I say focus on the positive we don't get to pick and choose which body parts that get to function the way they are supposed to but we can be grateful to be a mother.

  5. Breastfeeding is going surprisingly well for us right now, so I'm lucky in that regard. However, I feel guilty that I can't get my baby to accept a bottle and that she's still sleeping in our bed. People keep saying that I'm going to regret it and that I better fix that now or she'll be there forever.

    I think some people just want to judge you. And they don't know how to empathize with someone if they haven't experienced the same problem. So I'm trying to learn to shut them out and deal with things my own way.

    Formula is great food. Babies do so well and it will save you so much stress. Do what you gotta do and know that you're doing a great job at being a mom!!!

  6. There is a Canadian drug called Domperidone. My American dr. prescribes it for gastroparesis (which I suffer from). If you have heard of Reglan/Metoclopramide, this treats the same condition, but is not black labeled, as it has NO side effects. Like Reglan, it is proven to increase milk supply. My sister used Reglan with her first child as her milk supply didn't come in. With the second child, and a new doc, they acted as if they had no idea what she was talking about, and she never produced any milk. With the birth of my son, and the continued use of Reglan (before the blacklisting occurred), even though I suffer from PCOS, I WAS able to breast feed. GOOD LUCK!

  7. I don't have PCOS but my lactation consultant also suspected that my infertility issues were the reason for my lack of milk. I started supplementing formula at 2 weeks. I mostly pumped for the next couple of months since that helped keep my supply up more than breastfeeding did. however, at 3 months, Jr. hit a growth spurt and I just couldn't keep up. At that point, nursing was more of a comfort thing. We still did it before every bottle but he would still take 6 - 8 ounces of formula afterwards so he obviously wasn't getting much. If I pumped I got less than an ounce. We went on like this until 6 months when he decided he didn't want it anymore. I did find though that even if he was just getting a little breastmilk a day it helped with the antibodies...it was motivation to keeep going.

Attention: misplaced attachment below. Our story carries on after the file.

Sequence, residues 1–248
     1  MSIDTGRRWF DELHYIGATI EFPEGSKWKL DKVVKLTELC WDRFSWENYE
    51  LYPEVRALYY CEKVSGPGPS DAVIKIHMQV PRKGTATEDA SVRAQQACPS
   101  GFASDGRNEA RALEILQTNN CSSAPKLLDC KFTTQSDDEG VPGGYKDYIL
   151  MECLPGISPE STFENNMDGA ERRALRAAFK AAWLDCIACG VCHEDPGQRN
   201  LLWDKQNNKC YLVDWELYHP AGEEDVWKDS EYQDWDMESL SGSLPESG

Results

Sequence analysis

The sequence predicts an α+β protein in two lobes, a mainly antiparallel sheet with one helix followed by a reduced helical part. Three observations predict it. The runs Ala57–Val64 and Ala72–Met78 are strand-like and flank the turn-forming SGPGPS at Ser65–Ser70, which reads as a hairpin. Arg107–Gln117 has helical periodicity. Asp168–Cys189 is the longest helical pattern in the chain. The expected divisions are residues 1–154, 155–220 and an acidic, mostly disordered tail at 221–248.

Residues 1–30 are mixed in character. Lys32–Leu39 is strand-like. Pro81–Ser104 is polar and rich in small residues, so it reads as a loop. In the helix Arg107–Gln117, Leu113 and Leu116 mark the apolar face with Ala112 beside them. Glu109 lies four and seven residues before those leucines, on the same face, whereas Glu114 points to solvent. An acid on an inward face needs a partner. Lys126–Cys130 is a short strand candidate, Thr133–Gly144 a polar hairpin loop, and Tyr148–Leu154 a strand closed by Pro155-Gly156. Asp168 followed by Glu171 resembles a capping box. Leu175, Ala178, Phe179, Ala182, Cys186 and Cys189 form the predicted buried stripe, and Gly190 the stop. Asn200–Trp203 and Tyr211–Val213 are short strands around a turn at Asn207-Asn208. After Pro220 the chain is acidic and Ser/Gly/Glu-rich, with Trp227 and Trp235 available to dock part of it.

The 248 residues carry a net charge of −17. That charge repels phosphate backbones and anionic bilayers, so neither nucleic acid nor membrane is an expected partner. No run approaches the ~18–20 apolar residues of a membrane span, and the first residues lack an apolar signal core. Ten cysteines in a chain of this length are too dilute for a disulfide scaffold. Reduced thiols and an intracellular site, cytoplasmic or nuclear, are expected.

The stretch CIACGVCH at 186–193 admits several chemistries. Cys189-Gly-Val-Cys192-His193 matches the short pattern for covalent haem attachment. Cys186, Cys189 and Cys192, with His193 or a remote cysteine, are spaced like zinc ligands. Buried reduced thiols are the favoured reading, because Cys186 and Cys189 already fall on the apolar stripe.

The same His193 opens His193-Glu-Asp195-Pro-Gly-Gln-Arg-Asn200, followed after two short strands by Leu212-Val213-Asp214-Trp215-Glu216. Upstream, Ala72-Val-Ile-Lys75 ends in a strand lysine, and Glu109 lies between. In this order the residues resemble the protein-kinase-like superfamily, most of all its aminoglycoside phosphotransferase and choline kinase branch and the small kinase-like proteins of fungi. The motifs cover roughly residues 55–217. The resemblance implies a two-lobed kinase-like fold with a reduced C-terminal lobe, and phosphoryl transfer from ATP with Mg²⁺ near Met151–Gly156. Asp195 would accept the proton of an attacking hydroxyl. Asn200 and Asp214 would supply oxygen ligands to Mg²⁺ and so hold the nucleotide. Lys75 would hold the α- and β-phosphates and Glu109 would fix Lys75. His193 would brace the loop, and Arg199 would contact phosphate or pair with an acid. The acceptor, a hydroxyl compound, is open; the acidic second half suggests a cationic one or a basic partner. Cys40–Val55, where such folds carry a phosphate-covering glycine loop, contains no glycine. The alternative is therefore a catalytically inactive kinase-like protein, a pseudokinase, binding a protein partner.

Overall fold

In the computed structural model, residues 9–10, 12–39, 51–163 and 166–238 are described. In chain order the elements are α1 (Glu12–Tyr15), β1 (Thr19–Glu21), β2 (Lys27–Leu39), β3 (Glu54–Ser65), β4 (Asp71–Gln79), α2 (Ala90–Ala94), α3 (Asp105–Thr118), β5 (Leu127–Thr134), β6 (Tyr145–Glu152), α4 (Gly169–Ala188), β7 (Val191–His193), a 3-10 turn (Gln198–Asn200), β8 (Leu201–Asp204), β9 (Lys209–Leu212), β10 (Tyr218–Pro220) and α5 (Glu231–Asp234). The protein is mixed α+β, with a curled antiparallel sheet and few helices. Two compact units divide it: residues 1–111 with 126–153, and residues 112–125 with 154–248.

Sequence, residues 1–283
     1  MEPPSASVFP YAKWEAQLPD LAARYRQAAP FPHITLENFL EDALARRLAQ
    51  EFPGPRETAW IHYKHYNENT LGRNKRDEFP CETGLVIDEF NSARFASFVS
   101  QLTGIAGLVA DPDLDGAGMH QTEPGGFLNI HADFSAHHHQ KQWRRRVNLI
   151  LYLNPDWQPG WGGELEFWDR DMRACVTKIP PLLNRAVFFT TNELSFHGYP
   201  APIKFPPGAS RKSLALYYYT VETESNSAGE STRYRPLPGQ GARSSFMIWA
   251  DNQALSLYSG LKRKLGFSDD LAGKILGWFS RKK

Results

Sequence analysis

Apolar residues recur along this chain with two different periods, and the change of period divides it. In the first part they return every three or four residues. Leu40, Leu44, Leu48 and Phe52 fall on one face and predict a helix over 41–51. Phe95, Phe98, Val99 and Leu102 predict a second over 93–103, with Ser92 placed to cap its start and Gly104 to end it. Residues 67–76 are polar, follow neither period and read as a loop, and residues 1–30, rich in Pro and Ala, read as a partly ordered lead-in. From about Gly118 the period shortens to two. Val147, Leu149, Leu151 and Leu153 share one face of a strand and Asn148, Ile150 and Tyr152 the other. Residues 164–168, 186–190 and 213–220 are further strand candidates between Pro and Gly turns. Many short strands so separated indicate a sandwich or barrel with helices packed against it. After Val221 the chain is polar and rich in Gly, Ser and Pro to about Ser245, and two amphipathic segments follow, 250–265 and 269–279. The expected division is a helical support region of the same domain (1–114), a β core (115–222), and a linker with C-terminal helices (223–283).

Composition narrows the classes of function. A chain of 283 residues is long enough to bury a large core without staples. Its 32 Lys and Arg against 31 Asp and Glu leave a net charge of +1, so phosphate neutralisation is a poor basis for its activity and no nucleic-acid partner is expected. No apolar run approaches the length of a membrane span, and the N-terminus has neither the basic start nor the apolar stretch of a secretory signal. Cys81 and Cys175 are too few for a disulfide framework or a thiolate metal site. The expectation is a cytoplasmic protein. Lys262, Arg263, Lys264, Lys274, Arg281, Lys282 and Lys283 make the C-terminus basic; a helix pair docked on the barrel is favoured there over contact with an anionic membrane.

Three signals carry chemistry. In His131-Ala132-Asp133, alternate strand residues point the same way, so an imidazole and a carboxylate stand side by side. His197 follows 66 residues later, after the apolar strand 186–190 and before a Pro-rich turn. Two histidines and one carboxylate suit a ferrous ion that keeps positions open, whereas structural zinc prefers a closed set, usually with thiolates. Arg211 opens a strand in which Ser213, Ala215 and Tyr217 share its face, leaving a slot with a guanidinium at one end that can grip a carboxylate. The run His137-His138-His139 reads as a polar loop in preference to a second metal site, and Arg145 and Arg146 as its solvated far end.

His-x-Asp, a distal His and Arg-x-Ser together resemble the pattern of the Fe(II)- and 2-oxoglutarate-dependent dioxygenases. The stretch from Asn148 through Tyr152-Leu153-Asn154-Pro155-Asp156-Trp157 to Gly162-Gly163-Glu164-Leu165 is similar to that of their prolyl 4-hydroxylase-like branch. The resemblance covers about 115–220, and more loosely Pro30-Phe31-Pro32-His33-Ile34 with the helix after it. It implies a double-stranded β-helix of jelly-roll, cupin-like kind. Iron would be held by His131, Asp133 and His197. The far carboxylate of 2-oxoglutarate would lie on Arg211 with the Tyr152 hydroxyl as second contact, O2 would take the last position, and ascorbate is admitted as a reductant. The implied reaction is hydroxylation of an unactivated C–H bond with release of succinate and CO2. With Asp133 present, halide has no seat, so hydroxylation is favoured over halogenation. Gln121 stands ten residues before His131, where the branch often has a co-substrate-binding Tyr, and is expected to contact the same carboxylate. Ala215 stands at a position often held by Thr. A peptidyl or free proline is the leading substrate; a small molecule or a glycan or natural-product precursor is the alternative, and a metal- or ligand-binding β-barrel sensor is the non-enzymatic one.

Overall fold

I really wish someone had told me BEFORE he was born that I was at a higher risk for having breastfeeding problems, I wouldn't have set my goals as high and then wouldn't have beaten myself up as much when I needed to supplement.
    3 years later my mostly formula fed baby is happy and healthy.
    Good Luck with everything!!

  8. I'm sooo happy for you! Not sure if I've said that, but I am! Twin girls - so much fun!!!

    Wow, does your post bring back memories!

    I don't have PCOS, but the lactation consultants said that my lack of production likely stemmed from my infertility. I tried for about two weeks, tried fenugreek, supplementing through a syringe, and I needed a nipple sheild because I have flat nipples. It was painful.

    They were in the nursery for about two weeks anyway, and were bottle fed before I was even out of c-section recovery. They were frustrated with the breastfeeding because I wasn't producing much and they had gotten used to the bottle, flowing out milk. We were all frustrated, so I switched to formula and I don't regret it one bit. Life got easier, a LOT easier after switching. I think unless you're a momma cow producing lots of milk, nursing twins is a monumental task anyway.

    Most people "get it" about not nursing. My mother in law didn't (but frankly, I don't care), and one of my friends didn't get it.

    My sitter had three girls (not twins though), and she breastfed them all. She's been bottle feeding my girls and she likes that you know exactly how much they have had, and that they can definitely go longer inbetween feedings.

    It's all such an emotional thing, and then the postpartum hormones really make it worse. I hope that you can find some peace soon, and just enjoy those babies. :)

  9. this is something I'm nervous about since I have pcos as well. But I'm not pregnant yet so I'm no help. I figure you are doing the best you can and feeding your children, so that makes you a good mom. Screw the mean people.

  10. i have pcos and was actually able to bf my twins. (they just turned one in september and we're weaning now). it has been a long road with many ups and downs. in the beginning we were just like you. the whole feeding and pumping process took forever. after awhile we got the hang of it and were able to exclusively bf. when i went back to work at 4 months my supply dropped significantly. i immediately tried reglan but didn't have any increase. i tried domperidone and fenugreek and had a moderate increase, but not back to what i was making before. i'm currently tapering off of the domperidone as well.

    bf'ing is hard. if you can do it-great. if not-don't beat yourself up about it. it's hard enough having two little ones to care for. don't make yourself miserable trying to feed them. formula is so good these days, not like when we were little :)

    btw: i'm a new reader from double blessings. :)

  11. I ended up only being able to breastfeed until our twins were 3mo. They got breastmilk in the hospital and then as much as I could at home. It was heartbreaking. BFing was such a big part of my hopes and dreams and to have it taken away... It was crushing. I was able to take More Milk Plus and that helped until mastitis robbed me for the final time.

    I'm sorry. I know this is a tough pill to swallow.